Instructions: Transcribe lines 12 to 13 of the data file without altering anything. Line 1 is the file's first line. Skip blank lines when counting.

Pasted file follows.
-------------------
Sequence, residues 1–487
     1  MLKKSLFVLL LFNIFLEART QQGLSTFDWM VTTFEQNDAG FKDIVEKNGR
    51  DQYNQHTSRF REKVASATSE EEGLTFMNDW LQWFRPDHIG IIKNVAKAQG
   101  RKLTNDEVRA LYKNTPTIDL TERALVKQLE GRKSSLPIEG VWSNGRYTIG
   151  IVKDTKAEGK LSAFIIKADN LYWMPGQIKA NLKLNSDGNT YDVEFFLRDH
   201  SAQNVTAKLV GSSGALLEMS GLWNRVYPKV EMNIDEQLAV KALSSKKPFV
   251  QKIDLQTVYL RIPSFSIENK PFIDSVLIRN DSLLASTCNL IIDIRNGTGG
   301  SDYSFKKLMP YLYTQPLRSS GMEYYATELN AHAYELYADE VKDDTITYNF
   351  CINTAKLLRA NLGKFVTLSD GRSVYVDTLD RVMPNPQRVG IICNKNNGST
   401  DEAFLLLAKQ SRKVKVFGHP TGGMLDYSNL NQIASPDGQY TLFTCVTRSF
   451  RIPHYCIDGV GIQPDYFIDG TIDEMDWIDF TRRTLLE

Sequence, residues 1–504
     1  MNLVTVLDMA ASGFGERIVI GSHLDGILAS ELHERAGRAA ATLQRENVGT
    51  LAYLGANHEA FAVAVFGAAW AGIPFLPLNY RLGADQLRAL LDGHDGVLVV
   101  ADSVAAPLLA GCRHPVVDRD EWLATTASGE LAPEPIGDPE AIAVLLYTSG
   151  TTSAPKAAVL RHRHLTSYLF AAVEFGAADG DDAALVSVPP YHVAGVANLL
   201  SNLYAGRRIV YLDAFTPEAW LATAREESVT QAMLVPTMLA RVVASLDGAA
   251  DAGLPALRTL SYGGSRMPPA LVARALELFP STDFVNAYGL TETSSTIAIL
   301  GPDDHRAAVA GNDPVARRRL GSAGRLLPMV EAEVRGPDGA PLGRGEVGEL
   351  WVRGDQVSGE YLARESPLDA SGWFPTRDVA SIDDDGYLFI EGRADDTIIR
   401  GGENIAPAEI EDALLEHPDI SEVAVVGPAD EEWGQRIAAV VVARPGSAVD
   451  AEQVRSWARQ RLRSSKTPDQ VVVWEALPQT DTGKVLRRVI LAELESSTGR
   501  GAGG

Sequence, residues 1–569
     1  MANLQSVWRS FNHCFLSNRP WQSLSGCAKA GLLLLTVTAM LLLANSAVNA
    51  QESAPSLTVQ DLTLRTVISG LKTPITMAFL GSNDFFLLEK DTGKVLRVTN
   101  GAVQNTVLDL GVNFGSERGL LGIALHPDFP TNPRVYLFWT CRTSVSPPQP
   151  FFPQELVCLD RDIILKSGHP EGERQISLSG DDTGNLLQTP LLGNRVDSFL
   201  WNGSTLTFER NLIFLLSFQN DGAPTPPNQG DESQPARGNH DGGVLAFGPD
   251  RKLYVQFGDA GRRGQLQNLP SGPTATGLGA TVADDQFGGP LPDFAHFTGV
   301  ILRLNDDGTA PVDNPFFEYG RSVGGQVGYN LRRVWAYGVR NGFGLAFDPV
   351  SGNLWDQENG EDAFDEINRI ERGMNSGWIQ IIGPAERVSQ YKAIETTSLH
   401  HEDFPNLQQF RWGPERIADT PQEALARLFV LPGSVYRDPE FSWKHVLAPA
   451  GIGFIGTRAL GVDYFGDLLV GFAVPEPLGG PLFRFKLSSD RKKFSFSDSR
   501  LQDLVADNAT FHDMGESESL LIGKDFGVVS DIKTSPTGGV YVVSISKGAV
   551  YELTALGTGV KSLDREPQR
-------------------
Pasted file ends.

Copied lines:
Sequence, residues 1–504
     1  MNLVTVLDMA ASGFGERIVI GSHLDGILAS ELHERAGRAA ATLQRENVGT